He’s especially proud of the charity work The Slants have done over the years. Causes include rescuing refugees from North Korea, raising money and educational awareness for the disparity rates that Asian women face when it comes to cancer, anti-bullying programs, working with Make-a-Wish or other youth projects, doing anti-racism work, and working with Japanese American museums to teach the history of incarceration camps.
“I’m most proud of the work being done by The Slants Foundation because it allows us to initiate scalable social change by elevating the work of other artists in ways that we couldn’t do alone by just being a band,” he concluded. “Each week, I see how our efforts are helping others find expression and how I can help other artists in ways that I wish I had when I was getting started. It’s helping ease the road for others.”
Andrew can be reached at firstname.lastname@example.org.
Calling an Asian person a “slant” is racist and offensive, and Tam has perpetuated a racist term. Convoluted arguments about “reclaiming” the word are a joke. The main message to the general public is that its OK to say racist things about Asians because they say it about themselves. The Supreme Court decision that allowed a trademark for the band’s name was based on whether the Government could regulate speech. It does not mean that the band’s name is helpful to the Asian community.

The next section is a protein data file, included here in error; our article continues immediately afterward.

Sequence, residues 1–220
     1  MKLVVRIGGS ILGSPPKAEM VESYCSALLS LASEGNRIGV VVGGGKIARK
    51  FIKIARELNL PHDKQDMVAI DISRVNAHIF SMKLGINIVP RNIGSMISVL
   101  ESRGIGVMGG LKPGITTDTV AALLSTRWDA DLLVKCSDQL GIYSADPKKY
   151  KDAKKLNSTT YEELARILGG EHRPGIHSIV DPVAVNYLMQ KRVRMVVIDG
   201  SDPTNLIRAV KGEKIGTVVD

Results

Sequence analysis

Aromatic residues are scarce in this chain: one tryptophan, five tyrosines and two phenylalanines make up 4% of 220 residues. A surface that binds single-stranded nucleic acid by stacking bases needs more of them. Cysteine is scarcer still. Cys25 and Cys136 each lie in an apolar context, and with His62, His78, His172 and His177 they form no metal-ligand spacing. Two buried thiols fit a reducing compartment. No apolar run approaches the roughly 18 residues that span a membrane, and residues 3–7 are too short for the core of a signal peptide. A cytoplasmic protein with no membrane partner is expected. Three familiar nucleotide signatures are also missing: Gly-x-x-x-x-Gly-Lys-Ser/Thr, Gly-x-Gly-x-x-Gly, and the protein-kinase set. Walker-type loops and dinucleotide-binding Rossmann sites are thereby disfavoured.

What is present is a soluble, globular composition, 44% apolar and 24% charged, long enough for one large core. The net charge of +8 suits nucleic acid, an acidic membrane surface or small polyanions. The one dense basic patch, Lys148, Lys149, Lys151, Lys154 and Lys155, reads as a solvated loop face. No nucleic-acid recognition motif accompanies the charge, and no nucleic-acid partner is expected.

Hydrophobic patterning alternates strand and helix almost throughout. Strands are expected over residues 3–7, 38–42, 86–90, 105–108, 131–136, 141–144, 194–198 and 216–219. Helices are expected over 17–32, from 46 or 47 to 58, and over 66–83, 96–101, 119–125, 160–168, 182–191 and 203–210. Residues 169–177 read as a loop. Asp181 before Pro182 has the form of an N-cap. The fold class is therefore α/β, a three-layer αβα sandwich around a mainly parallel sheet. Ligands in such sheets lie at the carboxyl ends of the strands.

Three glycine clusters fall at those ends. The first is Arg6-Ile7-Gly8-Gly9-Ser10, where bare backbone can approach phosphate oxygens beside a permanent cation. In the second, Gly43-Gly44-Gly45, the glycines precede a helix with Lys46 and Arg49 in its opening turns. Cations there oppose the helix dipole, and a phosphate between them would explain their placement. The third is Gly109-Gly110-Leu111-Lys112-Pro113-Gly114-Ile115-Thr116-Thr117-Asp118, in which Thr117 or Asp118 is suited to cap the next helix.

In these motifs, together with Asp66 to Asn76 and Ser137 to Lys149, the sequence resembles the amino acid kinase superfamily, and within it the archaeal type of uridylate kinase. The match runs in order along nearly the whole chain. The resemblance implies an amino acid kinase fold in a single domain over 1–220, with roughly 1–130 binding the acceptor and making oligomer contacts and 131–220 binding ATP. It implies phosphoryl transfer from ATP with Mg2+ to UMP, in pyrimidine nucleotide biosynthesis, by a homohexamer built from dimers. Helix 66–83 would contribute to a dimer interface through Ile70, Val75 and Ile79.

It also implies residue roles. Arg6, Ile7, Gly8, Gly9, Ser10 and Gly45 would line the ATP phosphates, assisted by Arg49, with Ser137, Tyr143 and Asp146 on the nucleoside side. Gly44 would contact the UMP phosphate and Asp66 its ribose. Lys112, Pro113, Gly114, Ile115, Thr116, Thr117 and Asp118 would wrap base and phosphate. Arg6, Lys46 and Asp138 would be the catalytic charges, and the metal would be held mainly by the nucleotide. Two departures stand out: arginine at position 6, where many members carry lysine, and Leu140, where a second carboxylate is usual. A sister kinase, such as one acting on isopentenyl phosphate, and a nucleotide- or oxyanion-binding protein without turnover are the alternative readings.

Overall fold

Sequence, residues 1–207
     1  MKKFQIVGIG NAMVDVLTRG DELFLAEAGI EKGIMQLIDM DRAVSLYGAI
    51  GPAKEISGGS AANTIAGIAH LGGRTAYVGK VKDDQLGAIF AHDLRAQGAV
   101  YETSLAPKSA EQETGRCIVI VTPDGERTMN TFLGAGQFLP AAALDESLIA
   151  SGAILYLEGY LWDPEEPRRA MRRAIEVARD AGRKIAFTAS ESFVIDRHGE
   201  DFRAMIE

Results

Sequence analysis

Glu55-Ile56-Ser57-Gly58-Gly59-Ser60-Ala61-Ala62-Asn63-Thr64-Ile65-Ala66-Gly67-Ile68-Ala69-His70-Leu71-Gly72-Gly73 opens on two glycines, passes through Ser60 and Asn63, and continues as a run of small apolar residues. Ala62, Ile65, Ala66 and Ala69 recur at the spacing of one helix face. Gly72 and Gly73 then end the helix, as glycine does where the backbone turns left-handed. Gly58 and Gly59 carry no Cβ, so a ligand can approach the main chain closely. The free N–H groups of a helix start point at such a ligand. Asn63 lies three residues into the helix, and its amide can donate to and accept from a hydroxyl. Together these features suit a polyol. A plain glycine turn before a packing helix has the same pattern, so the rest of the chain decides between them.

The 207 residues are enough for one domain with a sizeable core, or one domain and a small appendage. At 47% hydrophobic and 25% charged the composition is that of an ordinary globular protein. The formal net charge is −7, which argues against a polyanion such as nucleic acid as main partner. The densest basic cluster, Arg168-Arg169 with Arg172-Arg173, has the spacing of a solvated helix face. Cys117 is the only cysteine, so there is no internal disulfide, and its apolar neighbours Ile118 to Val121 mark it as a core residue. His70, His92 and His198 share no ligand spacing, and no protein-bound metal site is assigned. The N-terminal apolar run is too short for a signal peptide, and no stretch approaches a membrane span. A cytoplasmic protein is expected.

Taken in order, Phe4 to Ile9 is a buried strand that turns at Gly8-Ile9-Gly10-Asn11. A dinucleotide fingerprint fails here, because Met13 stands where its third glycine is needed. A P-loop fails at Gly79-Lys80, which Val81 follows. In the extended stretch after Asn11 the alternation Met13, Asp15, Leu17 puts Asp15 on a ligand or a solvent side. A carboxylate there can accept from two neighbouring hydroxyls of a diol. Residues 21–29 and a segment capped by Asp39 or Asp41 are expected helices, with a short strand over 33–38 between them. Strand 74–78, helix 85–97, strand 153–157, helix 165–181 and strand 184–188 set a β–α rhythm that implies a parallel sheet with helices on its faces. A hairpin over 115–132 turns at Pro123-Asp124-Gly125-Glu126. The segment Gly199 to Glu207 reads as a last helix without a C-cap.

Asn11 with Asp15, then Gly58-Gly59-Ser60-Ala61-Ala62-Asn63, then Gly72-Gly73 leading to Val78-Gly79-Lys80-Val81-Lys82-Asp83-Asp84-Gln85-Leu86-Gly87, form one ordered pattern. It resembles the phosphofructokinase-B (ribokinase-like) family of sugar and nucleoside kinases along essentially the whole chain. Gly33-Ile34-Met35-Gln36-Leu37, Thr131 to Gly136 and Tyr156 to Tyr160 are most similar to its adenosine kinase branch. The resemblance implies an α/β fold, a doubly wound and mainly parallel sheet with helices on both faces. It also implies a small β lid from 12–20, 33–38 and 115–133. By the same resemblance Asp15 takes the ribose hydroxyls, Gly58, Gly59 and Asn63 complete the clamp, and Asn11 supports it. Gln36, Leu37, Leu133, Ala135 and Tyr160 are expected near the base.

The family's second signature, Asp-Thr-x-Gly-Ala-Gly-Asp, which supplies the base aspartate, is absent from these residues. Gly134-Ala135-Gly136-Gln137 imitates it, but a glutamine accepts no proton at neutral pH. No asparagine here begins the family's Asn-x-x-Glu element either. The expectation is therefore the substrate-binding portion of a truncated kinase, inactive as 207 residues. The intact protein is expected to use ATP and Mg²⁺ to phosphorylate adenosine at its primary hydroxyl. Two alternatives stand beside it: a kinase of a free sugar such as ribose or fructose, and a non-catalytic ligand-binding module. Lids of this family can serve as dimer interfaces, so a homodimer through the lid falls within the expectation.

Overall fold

Tam has selfishly used the band’s name as a publicity stunt to make himself into a mini celebrity. He has done the easy thing that an Asian can do to get publicity which is to use a racist caricature on themselves. This is like Andrew Yang using the “math” Asian stereotype as his campaign theme, and saying “I am Asian so I know a lot of doctors” during the presidential debates to get attention. These types of clown acts are the Asian equivalent of being an Uncle Tom.
Tam may try to get some of his friends to write in rebuttals of this comment because he doesn’t want anyone criticizing his public image. Either that or some loyal fans may write in on their own. Whatever. It is unfortunate that some Asians are so desperate to have any Asian get publicity, that they will latch onto Tam. It has been over 10 years since this controversy started and Tam is still squeezing publicity out of his one shot ticket to being semi famous. With all the attacks on Asians these days the last thing we need is an Asian person promoting more racism about us.